KEEGAN FRANCES: On Wednesday 22 October the United Nations Association of South Africa, in collaboration with the United Nations Information Centre, hosted the annual UN Day career and quiz event at the University of Pretoria.
The main aims of the event included raising awareness among students about the UN as an organisation and the potential career opportunities available for students within the UN.
The event featured four guest speakers from various agencies in the UN: Mr Walid Badawi, the country director of the UN Development Programme in South Africa, Dr Habib Somanje, the health systems advisor for the World Health Organisation’s South African sector, Ms Cecilia Njenga, the head of office for the UN’s Environmental Programme in South Africa, and Ms Chantell Witten, a nutrition specialist from the UN Childrens Fund in South Africa. Each of these speakers gave information to students about the sections of the UN they work for and the specific mandates of each of these sections. They then gave their biographies and the various routes they took to eventually attain their current positions within the UN.
ADAM KLEINSCHMIDT: Anyone with half a brain knows that messing about with nuclear material is a bad idea. A nuclear physicist could tell you more. Owing to the fact that unbridled nuclear plants and bombs have catastrophic effects on the surrounding environment, atomic material gets a little chaotic when messed with.
The recent R1 trillion deal with the Russian Federation has made headlines and plans to build a new power plant to reduce reliance on coal has come under fire from opposition parties, western governments, and the media. All parties are alarmed at this surprising new turn of events.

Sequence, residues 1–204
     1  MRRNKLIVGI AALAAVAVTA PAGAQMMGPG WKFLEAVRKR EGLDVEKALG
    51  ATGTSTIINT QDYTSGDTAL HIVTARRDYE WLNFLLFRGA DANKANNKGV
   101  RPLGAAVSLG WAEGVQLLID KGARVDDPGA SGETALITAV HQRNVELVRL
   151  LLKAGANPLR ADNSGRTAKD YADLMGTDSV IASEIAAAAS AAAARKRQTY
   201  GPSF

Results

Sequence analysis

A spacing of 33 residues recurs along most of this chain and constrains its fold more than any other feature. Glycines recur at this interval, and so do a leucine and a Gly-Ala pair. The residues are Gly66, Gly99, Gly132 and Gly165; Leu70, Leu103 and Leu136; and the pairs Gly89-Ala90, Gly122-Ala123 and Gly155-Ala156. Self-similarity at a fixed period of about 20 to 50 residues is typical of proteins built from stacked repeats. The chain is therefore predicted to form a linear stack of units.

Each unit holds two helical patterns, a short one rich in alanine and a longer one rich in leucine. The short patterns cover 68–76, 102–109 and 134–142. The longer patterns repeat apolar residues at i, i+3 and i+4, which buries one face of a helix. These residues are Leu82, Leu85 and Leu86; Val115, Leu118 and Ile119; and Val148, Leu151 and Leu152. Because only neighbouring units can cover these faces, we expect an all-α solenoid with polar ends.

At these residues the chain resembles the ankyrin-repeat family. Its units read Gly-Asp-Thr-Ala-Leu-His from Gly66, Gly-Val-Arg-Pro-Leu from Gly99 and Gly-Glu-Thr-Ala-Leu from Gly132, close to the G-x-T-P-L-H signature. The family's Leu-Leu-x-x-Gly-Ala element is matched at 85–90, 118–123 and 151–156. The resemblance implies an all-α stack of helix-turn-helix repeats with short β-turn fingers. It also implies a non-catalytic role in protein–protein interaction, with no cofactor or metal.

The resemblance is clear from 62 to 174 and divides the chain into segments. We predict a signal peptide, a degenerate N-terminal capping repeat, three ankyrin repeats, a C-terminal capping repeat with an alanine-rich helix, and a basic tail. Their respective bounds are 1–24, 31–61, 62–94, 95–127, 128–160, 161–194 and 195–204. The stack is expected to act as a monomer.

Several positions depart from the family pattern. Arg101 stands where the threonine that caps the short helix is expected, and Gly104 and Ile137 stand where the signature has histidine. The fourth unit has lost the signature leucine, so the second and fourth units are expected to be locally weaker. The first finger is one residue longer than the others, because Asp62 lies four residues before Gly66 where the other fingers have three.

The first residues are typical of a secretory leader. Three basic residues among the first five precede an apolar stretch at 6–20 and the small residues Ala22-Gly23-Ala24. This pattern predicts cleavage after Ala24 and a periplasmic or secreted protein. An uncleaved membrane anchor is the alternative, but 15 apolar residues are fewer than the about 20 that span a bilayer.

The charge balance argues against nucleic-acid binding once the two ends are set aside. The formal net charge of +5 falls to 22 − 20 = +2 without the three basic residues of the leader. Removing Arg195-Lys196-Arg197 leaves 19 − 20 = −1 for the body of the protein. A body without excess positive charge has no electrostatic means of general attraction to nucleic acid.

JULIA FISH: After months of speculation as to who would take over from the distinguished Dr Saleem Badat, it was announced in an e-mail to staff that the post will be filled from within.
Acting Vice-Chancellor and distinguished mathematician Dr Sizwe Mabizela, has been announced as the incumbent “6th Principal and Vice-Chancellor of Rhodes University with effect from 1 November 2014”.
Dr Mabizela has quietly and confidently been running the show since Dr Badat stepped down earlier this year. The choice to retain institutional memory, promote from within and show commitment to the ethos that Rhodes has maintained, is expected to be widely respected.
YOGI SHOBA: On Sunday 21 September, a 21-year-old Capetonian woman died after attending the annual Earthdance Trance music festival. Apparently, she was ‘unwell’ and in a state of paranoia for five hours before paramedics could transport her to hospital. She died soon after of organ failure, although the cause of the organ failure is still unknown.
The organisers of the event place ‘utmost confidence in [their] medical services’; with paramedics who are supposedly extensively trained in treating people in outdoor festival environments. With Rocking the Daisies fast approaching and a host of Cape Town’s youth excitedly preparing to descend on Cloof Wine Estate; one must ask whether the incident was an unavoidable tragedy or whether people are putting their lives at risk by attending such events.
LAUREN NEUHOFF AND MARKO SVICEVIC: On Monday, Tuks student organisation “Tuks Friends of MSF” (FoMSF) held an awareness campaign called “A Day in the Life of a Refugee” which took place at the Piazza of the university’s Hatfield Campus. The organisation had a collection of five different displays, each one representing a different aspect of basic refugee life.
FoMSF, is a world-wide network of student societies of MSF, also known as Doctors Without Borders, which aims at raising awareness of the organisation’s work, as well as campaigning for access and speaking on behalf of MSF’s patients. Aside from their awareness campaigns, they are also involved in raising funds for the organisation. Currently, Tuks FoMSF is the youngest in South Africa, with counterparts based in Wits, Stellenbosch University and UCT.